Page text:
I at least got one task done, but ultimately, things like Skil saws are too loud for a little baby's delicate ears, so having her out there was not a good idea. After an hour of trying to cover her ears for each cut, she needed food again, so I headed back inside and gave up the idea of bringing her back out. Instead, I'd serve as support crew: making lunch, running to the store for more supplies, and keeping the baby out of the way. Athena was busy discovering her voice and spent the weekend with a whole serenade of squeals and sounds.

By Saturday, extra help arrived - Thad and Lori, plus Athena and Cyrus. Still, it was clear that this wasn't going to wrap up this weekend. Early hopes of pounding through it were dashed and I started to clear the calendar for another weekend. And I processed more peaches. I'm pretty sure this is the last time I'm going to spend this much effort blanching and peeling fruit. I don't know how my grandmother did it for all these years. Erik and I had a joke when I was pregnant about not wanting to be a "frontier wife." This typically surrounded the idea of having a baby without medical support, but this weekend, as I spent the entire time caring for a baby and making food and serving food and mopping up and he spent the entire time laboring on a construction project, and we both went to bed exhausted, I came out at the end of the day on Saturday and said, "I don't wanna be a frontier wife!" and told them that I was happy to drive them anywhere for dinner, but that I was not cooking again, until tomorrow.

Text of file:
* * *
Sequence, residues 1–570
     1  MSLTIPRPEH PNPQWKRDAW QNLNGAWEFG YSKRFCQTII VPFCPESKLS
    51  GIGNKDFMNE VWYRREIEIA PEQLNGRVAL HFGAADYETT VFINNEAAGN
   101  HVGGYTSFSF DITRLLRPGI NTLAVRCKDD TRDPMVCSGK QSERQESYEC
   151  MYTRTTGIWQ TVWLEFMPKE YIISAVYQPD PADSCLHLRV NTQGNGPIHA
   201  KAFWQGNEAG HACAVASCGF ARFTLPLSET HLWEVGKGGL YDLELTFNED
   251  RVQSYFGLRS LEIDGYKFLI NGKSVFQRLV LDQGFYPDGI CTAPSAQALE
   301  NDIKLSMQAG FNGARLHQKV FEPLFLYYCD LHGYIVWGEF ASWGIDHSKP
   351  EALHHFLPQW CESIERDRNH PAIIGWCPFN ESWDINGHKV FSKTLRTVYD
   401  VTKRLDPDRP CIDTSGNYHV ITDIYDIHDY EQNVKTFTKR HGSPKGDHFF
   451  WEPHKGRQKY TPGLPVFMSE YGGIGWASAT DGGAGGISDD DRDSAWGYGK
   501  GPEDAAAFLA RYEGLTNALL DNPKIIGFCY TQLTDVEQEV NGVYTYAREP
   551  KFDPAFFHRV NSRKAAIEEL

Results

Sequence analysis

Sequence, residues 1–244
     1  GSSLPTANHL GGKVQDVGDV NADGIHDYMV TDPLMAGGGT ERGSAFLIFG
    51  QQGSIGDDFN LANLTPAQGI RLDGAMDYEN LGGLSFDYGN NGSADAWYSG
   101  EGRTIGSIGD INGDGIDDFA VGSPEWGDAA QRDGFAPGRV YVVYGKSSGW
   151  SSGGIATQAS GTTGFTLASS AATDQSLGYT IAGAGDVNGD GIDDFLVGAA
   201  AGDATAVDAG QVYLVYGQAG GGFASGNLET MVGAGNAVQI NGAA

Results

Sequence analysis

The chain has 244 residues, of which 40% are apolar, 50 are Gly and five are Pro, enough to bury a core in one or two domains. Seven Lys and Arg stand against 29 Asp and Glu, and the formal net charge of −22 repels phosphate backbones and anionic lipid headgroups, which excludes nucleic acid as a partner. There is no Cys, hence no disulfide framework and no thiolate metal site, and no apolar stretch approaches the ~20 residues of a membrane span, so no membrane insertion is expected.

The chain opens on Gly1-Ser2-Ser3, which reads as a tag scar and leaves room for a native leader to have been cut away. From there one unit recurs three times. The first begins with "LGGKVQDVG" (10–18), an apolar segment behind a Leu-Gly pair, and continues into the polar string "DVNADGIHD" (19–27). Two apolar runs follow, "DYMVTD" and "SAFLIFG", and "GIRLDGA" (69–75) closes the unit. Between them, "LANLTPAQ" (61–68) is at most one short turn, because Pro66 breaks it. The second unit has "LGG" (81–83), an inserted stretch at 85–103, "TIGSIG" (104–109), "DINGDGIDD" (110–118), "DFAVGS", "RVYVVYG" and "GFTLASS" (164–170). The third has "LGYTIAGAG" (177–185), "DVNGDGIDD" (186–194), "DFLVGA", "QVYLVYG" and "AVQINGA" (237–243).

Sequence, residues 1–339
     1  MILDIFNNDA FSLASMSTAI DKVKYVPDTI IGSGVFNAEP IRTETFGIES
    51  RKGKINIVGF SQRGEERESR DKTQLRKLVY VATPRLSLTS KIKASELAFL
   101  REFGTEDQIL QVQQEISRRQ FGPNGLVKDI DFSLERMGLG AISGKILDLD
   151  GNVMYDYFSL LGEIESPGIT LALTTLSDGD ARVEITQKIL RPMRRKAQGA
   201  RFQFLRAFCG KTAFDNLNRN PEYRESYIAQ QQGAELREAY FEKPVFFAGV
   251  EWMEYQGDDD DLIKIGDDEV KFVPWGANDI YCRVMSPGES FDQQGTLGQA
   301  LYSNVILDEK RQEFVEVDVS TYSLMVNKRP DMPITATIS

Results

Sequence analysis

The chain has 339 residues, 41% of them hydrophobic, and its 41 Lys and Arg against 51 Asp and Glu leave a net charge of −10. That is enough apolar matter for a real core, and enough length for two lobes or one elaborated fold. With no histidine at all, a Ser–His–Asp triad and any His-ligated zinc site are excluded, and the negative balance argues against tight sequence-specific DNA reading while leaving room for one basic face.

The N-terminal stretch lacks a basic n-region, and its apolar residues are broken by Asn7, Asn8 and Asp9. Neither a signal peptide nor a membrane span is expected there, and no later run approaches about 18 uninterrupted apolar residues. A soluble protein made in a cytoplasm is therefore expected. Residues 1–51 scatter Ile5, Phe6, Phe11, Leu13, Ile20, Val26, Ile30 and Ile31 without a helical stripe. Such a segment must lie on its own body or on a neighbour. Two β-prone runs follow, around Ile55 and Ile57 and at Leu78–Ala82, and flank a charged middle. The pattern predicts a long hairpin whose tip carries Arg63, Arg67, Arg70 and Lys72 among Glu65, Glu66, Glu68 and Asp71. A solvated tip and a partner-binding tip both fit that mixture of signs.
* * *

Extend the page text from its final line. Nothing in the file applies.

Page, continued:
Sunday dawned and Erik headed up to the roof while I made breakfast. By noon, he headed to Home Depot to rent a jackhammer. A strip of concrete needed to be chipped out, and the jackhammer made short work of it. On Saturday, Athena had cheerfully said, "I've never gotten to use a jackhammer before!" and sure enough, she grabbed it and chipped away. I walked out of the house at one point to see three guys standing around watching her jackhammer. Never once have I doubted her as Athena Huge and Mighty. My dad thinks she's the bee's knees. Usually he's a bit dubious about girls doing hard labor, but Saturday night he was singing her praises as the best worker on the job.

Meanwhile, I was keeping the girls sequestered in the house. Lorelei was napping and Athena was playing in her exersaucer. After one round of food, Athena started chewing on my finger and I noticed something pointy. Sure enough, her first tooth was poking through on her lower jaw.

Athena is rapidly transforming. Sunday night she had her first bit of solid food - a bit of mashed avocado. After a few weeks of watching us eat so intently, I'm pretty sure she was thoroughly disappointed by the experience. The look on her face was not, "Yum! Food!" but much more of, "What is this awful stuff?" Oh well. We'll try again tomorrow.  She also had her last bath on the dining table. In the past, she'd sit fairly placidly while we washed her. Now she's decided that bathtime is fun, especially if you kick the water. We'd had suspicions from the last few baths, but she achieved new heights of glee in splashing. We'd laid down a vinyl cover over the table, but soon the towel, the floor, the buffet and I were all soaking wet. There was nothing to do but laugh at ourselves (and start to figure out where we could take her for swim lessons).